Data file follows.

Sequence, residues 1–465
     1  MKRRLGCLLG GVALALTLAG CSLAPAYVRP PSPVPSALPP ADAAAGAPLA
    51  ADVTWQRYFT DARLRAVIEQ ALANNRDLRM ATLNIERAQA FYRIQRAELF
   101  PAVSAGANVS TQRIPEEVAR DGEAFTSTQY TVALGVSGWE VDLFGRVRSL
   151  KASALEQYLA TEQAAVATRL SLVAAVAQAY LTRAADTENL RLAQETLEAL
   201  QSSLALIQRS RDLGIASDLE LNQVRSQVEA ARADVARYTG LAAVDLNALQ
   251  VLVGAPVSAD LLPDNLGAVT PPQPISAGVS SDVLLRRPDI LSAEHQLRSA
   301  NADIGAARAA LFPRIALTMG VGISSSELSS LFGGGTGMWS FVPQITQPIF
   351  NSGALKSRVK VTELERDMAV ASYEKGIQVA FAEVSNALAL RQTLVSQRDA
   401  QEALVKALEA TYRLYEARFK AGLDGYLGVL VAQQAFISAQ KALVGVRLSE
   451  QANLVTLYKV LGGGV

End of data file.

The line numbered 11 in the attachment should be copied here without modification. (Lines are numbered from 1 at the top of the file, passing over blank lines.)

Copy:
   451  QANLVTLYKV LGGGV